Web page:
Engineering students' intelligence beliefs and learning

Glenda S. Stump, Jenefer Husman, Marcia Corby

Research output: Contribution to journalArticlepeer-review

55 Scopus citations


Background: Students' beliefs about their intellectual ability influence their use of learning strategies, learning effort, and response to failure or setbacks. Students with incremental views of intelligence believe that learning is possible with sufficient effort, whereas those with entity views believe that intelligence is a fixed quality and expenditure of effort reflects an insufficient amount of that quality. Purpose: This study examined the relationship between engineering students' beliefs about intelligence and their perceived use of active learning strategies such as collaboration and knowledge-building behaviors, self-efficacy for learning and performance, and course grade. The study also examined the extent of entity and incremental beliefs in a sample of engineering students. Design/Method: The correlational study analyzed data from 377 engineering students recruited from required engineering courses at a large public university. We used bivariate correlations to examine relationships between study variables and multiple regression analyses to examine predictive ability of the variables on learning strategies and course grade. Results: Our results showed that students' intelligence beliefs were correlated with active learning strategies. Self-efficacy, reported use of collaboration, and incremental beliefs about intelligence were predictive of students' reported use of knowledge-building behaviors. Intelligence beliefs were not predictive of course grade. Conclusions: Our results demonstrate the utility of these motivational beliefs for understanding university engineering students' learning efforts. Our results also suggest a need for instructors to support incremental views of intelligence among engineering students.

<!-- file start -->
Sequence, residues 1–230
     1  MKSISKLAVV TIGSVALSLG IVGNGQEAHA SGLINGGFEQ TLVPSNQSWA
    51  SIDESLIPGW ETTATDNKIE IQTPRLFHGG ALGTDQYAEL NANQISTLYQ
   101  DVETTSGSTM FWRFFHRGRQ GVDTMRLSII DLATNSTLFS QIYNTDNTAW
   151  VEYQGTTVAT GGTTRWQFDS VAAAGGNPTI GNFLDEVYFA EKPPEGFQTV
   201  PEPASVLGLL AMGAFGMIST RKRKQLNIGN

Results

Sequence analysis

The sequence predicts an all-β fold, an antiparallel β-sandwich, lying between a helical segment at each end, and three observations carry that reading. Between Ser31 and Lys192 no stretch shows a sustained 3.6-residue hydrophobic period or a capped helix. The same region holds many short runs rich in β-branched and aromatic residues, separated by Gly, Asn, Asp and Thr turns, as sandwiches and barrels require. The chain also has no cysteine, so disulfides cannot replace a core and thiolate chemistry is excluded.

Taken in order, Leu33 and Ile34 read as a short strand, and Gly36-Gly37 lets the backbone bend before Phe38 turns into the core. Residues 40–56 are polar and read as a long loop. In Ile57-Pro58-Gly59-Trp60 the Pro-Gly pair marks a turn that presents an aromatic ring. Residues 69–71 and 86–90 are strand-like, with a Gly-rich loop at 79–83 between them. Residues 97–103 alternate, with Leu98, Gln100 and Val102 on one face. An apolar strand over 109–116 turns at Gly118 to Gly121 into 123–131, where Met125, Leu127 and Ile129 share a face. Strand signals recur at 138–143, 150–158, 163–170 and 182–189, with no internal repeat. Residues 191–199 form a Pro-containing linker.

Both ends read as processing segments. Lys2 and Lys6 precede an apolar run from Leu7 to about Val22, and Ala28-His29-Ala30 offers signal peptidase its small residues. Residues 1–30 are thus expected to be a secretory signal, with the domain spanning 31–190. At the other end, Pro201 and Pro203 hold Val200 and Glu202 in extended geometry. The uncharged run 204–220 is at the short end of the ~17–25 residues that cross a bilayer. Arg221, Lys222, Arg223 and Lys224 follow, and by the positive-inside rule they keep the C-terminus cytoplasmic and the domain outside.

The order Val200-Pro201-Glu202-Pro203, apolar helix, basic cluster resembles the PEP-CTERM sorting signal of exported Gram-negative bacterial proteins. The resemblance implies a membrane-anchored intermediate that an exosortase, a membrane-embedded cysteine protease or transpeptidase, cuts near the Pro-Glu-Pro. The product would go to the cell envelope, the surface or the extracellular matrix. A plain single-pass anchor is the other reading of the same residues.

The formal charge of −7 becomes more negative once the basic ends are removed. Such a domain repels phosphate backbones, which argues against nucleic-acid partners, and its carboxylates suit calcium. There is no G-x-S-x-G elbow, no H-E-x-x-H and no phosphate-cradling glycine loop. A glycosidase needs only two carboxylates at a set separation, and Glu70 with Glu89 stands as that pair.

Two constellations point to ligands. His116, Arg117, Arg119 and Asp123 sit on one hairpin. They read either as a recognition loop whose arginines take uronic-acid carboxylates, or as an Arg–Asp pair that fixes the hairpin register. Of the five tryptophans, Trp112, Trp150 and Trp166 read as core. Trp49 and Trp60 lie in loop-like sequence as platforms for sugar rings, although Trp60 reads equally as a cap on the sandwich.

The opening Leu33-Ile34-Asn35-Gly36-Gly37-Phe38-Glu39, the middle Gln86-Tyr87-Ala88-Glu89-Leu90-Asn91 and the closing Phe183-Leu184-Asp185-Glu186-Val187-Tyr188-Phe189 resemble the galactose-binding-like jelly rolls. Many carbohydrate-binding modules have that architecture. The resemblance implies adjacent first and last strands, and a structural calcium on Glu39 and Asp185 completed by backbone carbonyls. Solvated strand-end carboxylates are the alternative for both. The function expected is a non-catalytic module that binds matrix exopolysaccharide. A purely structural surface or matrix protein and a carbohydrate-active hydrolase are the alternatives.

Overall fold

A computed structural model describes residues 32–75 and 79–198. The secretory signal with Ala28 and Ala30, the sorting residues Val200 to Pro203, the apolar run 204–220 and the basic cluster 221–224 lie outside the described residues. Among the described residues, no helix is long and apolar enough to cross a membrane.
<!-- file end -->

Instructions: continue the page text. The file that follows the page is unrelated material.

Original languageEnglish (US)
Pages (from-to)369-387
Number of pages19
JournalJournal of Engineering Education
Issue number3
StatePublished - Jul 2014


  • Collaboration
  • Intelligence beliefs
  • Knowledge-building behaviors

ASJC Scopus subject areas

  • Education
  • Engineering(all)


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